The ministry wants BP to furnish a bank guarantee and an undertaking that it will meet the minimum investment requirement for getting the licence
BP Exploration (Alpha) Ltd, a wholly owned subsidiary of BP Plc, had on 11 June 2014 submitted an application for authorisation to market aviation turbine fuel claiming to have invested $477 million in the country. Photo: AFP
New Delhi: The oil ministry wants UK’s BP Plc to furnish a bank guarantee and an undertaking that it will meet the minimum investment requirement for getting a licence to retail jet fuel to airlines in India.
The ministry, which had in March rejected BP’s application to sell ATF on the ground that its investment does not qualify for a retailing licence, says the Europe’s second-largest oil company can still get the licence provided it meets the eligibility criteria, a ministry official said.
BP Exploration (Alpha) Ltd, a wholly owned subsidiary of BP Plc, had on 11 June 2014 submitted an application for authorisation to market aviation turbine fuel (ATF) claiming to have invested $477 million in the country. The ministry rejecting the application said only $171 million of the claimed investment was capital expenditure and the rest operating expenditure.
For a licence to retail auto fuels petrol, diesel and ATF, a company should have invested a minimum of `2,000 crore in exploration or production, refining, pipeline or terminals leading to additionality to the existing assets or creation of new assets in the eligible activities.
BP’s $171 million investment was just over half of the investment threshold. “A commitment to make the remaining investment can be considered for giving the ATF licence. Besides an undertaking or an agreement to make the remainder of the investment, BP will also have to furnish a bank guarantee equivalent to the amount it has to invest to reach the threshold, will also have to be furnished,” the official said.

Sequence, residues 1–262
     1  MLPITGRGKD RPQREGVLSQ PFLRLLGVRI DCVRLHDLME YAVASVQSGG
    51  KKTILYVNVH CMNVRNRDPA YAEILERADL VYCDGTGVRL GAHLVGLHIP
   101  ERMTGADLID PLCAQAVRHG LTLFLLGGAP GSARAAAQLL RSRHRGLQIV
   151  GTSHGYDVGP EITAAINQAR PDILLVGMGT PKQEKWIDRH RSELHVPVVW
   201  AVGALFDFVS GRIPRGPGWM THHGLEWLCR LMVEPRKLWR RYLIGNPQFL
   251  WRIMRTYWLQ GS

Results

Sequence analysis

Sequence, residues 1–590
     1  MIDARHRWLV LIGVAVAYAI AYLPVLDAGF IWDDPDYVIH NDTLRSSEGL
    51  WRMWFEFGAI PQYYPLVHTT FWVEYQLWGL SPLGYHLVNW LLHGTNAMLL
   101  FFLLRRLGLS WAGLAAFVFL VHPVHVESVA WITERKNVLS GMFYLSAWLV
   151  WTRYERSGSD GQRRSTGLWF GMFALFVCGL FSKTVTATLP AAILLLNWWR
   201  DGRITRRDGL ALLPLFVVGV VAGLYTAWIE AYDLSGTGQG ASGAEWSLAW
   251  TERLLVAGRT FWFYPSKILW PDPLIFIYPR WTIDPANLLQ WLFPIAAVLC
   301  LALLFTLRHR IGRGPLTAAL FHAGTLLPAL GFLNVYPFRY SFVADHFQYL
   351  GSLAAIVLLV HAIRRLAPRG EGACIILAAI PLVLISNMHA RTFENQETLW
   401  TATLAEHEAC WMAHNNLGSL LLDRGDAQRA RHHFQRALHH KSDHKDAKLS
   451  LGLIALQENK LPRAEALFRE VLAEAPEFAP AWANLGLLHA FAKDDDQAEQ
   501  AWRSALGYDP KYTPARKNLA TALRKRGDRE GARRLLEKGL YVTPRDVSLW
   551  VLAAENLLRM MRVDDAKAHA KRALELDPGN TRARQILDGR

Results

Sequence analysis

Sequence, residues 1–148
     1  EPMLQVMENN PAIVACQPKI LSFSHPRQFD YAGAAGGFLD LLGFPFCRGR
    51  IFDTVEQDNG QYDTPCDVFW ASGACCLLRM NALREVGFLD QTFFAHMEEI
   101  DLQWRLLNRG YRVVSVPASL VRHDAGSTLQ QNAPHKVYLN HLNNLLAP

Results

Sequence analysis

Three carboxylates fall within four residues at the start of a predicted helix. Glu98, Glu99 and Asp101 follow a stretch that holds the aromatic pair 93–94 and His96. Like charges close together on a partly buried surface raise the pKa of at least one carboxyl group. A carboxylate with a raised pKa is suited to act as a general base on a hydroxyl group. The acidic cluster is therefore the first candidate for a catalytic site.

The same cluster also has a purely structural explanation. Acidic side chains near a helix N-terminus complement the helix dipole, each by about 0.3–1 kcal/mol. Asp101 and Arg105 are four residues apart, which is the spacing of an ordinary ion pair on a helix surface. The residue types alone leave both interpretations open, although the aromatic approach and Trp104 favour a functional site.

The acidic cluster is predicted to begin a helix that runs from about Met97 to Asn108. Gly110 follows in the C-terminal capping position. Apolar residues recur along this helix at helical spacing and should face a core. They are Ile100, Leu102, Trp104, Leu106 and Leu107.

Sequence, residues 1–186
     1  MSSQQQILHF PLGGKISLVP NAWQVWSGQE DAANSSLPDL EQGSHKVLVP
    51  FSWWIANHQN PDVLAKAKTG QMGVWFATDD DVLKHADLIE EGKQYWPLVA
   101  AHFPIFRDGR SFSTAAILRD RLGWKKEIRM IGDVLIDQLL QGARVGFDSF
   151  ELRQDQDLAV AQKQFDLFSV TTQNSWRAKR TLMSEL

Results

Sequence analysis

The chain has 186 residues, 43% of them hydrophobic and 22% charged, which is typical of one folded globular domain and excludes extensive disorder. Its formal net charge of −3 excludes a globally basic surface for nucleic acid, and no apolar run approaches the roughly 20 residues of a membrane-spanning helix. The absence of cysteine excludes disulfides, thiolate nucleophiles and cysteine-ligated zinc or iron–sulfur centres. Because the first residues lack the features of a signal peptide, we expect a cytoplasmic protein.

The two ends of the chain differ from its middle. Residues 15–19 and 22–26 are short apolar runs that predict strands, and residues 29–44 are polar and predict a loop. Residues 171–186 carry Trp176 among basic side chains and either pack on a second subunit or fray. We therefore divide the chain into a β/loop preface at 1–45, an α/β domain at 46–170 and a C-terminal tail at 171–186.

The bank guarantee will be encashed in case BP defaults on its promise, he said. BP had in its application stated that out of the $477 million, $259 million was capital investment. Besides, another $2.3 billion is planned to be invested most in exploring and production oil and gas from eastern offshore.
The official said the ministry sought an opinion of the technical arm, the Directorate General of Hydrocarbons. DGH reported that BP’s share of expenditure was $508 million between 2011-12 and 2013-14, of which the capital expenditure (capex) component and operational expenditure (opex) component was $171 million and $337 million respectively.
BP’s $7.2 billion spending in buying 30$ stake in 21 exploration blocks of Reliance Industries Ltd is not being considered as capital investment. BP spokesperson had previously stated that it has been “continuously engaging with the ministry regarding the licensing application and we are confident of meeting the requirements. We will continue to work closely with government authorities and urge them to review the decision”.
It is keen to enter the booming aviation market in Asia’s third-largest economy where ATF demand is expected to rise by 3-4% annually over the next few years.
Source: Mint; 03 May 2015